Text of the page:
Which is what nearly happened when the little girl of 11 died in 1999.

"Caroline was her name," says Lumiti. "She is buried here. She had no family. She came here with her brother who was younger than she was and who died before she did, when she was seven and he was four. For her it was another end-point because she looked after him. George was his name, he was her focus in life, her love, the life that gave her life joy and meaning.

"This little girl - all through her life she had these warts all over her face. [This is a symptom of HIV that we can get rid of now with ARVs.] But she never bothered about her swollen, sore face or her stinking pus and every day she held onto the hope that she would get better. Even in the last stages when her body was emaciated, she was full of this amazing vitality.

"She put up a terrible fight about going to the nursing room. She refused and refused to go, long after she should have done so. One day I visited her in her house to persuade her it was time to go and when she saw my face, how serious and determined I was, she cried and cried and cried. She said over and over, 'I wish I could live, I wish I could be better'.

"Yet she knew that she was going. I sat her on my lap and looked at her and she kept crying. I said, 'Caroline, you're afraid you will die?' And she nodded. And I explained to her, 'Just accept it. Say yes, and don't worry. Say 'I'm ready' and go to the nursing room, where it is quiet, and they will look after you.' And she nodded, and we brought her to the nursing room, which of course she saw as the death room, but somehow she looked happy.

"It was on a Sunday that she died. We were at Mass. I saw her before Mass and she was still talking in good voice, though the body was worn down. And in the middle of mass the nurse came and and said Caroline was gone. The nurse said, 'She told me, 'I want to go' and those were her last words and she turned as if to rest, and died. Somehow, irrationally, against all science I felt she might not die, she might pull through. That's how I had felt because there was such a spark of life in her burning always. I was prepared for a miracle, but at the end, nothing."

Lumiti is a believer. He was studying to become a Catholic priest until he received the call to work at Nyumbani. He may yet complete his studies, his faith unshaken by the cosmic injustice to which he is a daily witness. "Of course I ask the question: Why do innocent children have to suffer, why do they go through all this? But I still believe. Somehow our spirituality, our faith in God, is strengthened in this place. Maybe it is because we are so close to death, to the great mystery. But also because the children die in dignity."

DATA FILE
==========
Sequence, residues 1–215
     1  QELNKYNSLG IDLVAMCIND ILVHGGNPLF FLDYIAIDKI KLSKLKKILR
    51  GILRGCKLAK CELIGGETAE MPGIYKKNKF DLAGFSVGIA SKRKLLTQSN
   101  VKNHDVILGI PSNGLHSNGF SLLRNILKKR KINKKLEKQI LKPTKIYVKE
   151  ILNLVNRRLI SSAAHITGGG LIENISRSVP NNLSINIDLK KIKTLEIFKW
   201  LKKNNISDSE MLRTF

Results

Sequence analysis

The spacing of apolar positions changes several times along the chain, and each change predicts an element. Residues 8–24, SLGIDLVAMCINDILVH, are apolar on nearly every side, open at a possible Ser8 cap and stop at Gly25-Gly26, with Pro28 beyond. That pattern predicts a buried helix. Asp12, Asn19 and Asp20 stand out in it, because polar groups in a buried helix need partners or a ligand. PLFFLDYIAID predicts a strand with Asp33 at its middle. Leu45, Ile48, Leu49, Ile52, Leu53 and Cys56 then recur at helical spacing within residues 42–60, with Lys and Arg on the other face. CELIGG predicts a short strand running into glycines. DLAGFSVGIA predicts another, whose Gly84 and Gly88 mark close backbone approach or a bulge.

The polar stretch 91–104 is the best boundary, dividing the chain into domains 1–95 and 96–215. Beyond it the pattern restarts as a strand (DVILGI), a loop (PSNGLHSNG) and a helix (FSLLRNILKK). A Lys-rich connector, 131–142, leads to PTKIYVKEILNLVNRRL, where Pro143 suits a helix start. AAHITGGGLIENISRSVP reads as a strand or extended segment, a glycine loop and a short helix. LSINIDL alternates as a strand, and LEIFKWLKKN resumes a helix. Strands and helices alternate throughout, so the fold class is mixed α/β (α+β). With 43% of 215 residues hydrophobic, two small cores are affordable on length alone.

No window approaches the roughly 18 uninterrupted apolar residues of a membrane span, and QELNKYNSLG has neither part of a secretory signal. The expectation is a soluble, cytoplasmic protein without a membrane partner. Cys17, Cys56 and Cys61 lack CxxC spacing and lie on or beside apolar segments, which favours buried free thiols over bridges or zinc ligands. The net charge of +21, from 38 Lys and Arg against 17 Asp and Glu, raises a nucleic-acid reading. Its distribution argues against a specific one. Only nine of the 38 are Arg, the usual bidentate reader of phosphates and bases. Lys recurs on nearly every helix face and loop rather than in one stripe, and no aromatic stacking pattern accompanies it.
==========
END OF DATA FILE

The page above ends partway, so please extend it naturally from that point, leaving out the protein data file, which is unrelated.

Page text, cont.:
I put it to him that he is in the hope business. "Yes", he says, with a large, easy smile. "That is what we do. If you look at these children's backgrounds here they are in heaven. We give them a vision of heaven on earth."

Before leaving Nyumbani I walk out of Lumiti's office, past the playground where the children are playing on the swings, behind the cabbage patch, and on to the children's cemetery under the eucalyptus tree. I read the names under each little white cross. To the sound of children laughing 40 metres away in the playground, I find the two inscriptions I am looking for. They could not be simpler, more honest and unpretentious, more faithful a reflection of the spirit of Lumiti. "Caroline 1987 to 1999" and "George 1991 to 21/7/95". Brother and sister are buried side by side. Flowers grow over the neatly tended little mounds.

I go back to say goodbye to Lumiti. A child that might have been Caroline's age comes up to him, takes his hand.

I get in a car and drive to Nairobi in a taxi with a labourer and a car mechanic who have been working at Nyumbani for several years. I say that Lumiti is a wonderful man and they nod effusively, in a very untypically African display of feeling before a stranger. "An extraordinary man," says the mechanic. The labourer and the taxi driver nod again. "You know, he knows the names of each and every child," the mechanic continues. "Each and every child," joins in the labourer. "He is just like a father to all of them." "He is the best of men," says the mechanic. "Everybody loves him." "Yes," says the taxi driver. "Everybody loves him."

May he live forever.